Created on Thursday, 03 October 2013 21:07 Published Date Hits: 2096
By ADRIAN JAWORT - For The Outpost
In the first scene of Douglass Adam’s classic 1979 book, “A Hitchhiker’s Guide to the Galaxy,” protagonist Arthur Dent finds himself in an impromptu debate to stop a bulldozer from demolishing his house in order that a bypass be built.
As Mr. Dent lies in front of the bulldozer in protest, a local bureaucratic official named Mr. Prosser tells him, “I’m afraid you’re going to have to accept it; this bypass has got to be built, and it’s going to be built!”
Mr. Dent tells Mr. Prosser that the first time he’d heard of the plan was the previous day, and his sentiments are likely how Billings’ Mary Street residents felt when they saw land surveyors last year marking their private land for the proposed four-lane bypass scheduled to run through their quiet suburban neighborhood.
Several options were discussed about where to place the long proposed bypass from Lockwood to the Billings Heights, but the Mary Street route adjoining the end of Bench Boulevard raised concerns when it was unveiled last year.
“It was not in the study,” said Mary Street resident Brent Cathey. “We were definitely blindsided by it.”
However, if the Mary Street bypass plans go through, Cathey will have a four-lane highway going directly through his front driveway on top of having his new pole barn building garage demolished to make way for it.
Residents say it makes no sense for the bypass to be in a residential neighborhood, and say it does make sense to move it slightly farther north through an old gravel yard as another plan had it instead of demolishing what Cathey said would be five to 13 houses and a picturesque nature viewing area.
In response to being left in the dark, Cathey and other residents created a Save Mary Street campaign.
“We sent a petition around opposing this,” Cathey said. “And out of the 450 Mary Street residents we asked, not one person refused to sign it.”
Clayton Fiscus, state legislator for House District 46, lives in the neighborhood and created red signs now prevalent all over the area that say, “Save Mary.” Also included on the signs is the website www.SaveMaryStreet.com.
“These signs let them know there is going to be no letup,” Fiscus said.
Fiscus wrote House Bill 383, which would require a 750-foot deep buffer area between the single-family, built-up zone of a city and interstate highways and bypass routes. He argues that by definition what is being proposed on Mary Street isn’t even a bypass.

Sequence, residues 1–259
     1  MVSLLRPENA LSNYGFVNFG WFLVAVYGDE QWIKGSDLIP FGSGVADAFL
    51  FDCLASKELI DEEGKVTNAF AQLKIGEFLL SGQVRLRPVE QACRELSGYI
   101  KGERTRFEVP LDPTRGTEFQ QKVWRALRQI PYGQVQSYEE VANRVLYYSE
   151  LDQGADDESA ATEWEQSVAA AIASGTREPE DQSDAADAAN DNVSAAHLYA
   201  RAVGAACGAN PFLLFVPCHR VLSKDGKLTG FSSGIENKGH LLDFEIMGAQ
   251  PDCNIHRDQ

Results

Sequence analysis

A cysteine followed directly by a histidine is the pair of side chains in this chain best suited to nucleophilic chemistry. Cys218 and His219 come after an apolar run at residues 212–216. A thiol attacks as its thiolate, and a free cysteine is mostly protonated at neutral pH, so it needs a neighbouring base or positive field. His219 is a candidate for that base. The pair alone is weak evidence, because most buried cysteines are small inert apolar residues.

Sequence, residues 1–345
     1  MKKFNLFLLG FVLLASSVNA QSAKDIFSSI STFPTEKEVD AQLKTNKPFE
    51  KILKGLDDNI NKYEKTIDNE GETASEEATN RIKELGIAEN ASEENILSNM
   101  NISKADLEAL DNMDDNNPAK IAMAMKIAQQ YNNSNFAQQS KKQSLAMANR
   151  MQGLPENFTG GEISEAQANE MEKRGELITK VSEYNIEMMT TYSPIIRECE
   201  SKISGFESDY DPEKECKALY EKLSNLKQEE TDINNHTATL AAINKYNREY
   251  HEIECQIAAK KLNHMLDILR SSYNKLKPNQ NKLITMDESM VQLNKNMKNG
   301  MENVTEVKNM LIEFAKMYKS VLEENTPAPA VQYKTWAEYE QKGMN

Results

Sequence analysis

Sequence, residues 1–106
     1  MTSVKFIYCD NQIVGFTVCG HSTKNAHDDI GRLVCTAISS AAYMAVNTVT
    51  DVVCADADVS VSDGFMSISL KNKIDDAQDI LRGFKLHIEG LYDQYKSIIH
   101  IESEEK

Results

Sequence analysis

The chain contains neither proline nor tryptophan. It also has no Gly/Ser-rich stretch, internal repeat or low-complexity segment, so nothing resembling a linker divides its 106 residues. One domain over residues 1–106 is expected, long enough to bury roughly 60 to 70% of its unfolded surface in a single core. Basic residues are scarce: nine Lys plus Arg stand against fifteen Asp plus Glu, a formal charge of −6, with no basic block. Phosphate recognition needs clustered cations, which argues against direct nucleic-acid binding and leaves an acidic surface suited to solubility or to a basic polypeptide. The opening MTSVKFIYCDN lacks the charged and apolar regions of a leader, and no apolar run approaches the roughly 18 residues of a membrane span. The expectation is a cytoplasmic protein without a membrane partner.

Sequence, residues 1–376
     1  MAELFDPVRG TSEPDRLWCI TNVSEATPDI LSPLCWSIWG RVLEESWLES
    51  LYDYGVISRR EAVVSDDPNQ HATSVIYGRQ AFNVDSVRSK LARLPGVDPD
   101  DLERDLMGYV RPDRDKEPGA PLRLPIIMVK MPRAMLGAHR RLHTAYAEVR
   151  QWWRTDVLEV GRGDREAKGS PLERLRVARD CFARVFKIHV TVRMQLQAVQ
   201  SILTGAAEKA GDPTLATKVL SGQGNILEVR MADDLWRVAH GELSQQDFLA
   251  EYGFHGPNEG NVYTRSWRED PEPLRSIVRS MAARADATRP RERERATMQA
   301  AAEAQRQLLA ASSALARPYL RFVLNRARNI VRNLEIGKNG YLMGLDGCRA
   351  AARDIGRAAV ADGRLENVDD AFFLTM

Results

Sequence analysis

“It’s an interstate highway with 10,000 cars a day through a residential neighborhood,” said Fiscus. “This is not a bypass. The definition of a bypass is to circumvent the city and not affect the lifestyle and homeowners and traffic. This is in the city limits.”
As the owner of Fiscus Realty, Fiscus noted that the property value of the area would quickly degenerate with a highway in everyone’s front yard.
Funds allotted for area roads must be used by 2020, and the price tag runs at $112 million, according to www.SaveMaryStreet.com.
The website asks, “Are we going to spend $112 million and destroy 13 homes so someone located in East Lockwood can save 7.6 minutes to travel to the Northern Portion of Billings Heights? This road will result in no time savings to someone traveling from West Lockwood to the South Portion of Billings Heights.”
While touring the area, Fiscus noted the lack of traffic. “Do you see how many cars are out here today?” he said. “It’s void of them. This is a simple, quiet street, and it’s been that way since 1905.”
“I don’t think anybody along here wants that son of a bitch to come through here,” local resident Bob Untermeyer said. He was perturbed a four-lane road going through his yard would disrupt his ready supply of groundwater just under the soil’s surface.
“Have you seen any plan?” Ostermeyer asked Fiscus. “How are we supposed to even drive out of here?”
Such queries directed at the Department of Transportation are often met with stonewalling, residents claim.
“They don’t communicate with us,” Cathey said. “It’s an unfortunate thing, and very unfortunate situation.”
Asked at a stakeholders’ meeting in 2011 about how much say residents have in the project, planners answered, “Your input is considered. Some input is more valuable than other input. … Simply stating that you don’t want the project on or near your property is good for us to understand, but is not as valuable. No matter where you put a new road, it will impact somebody.”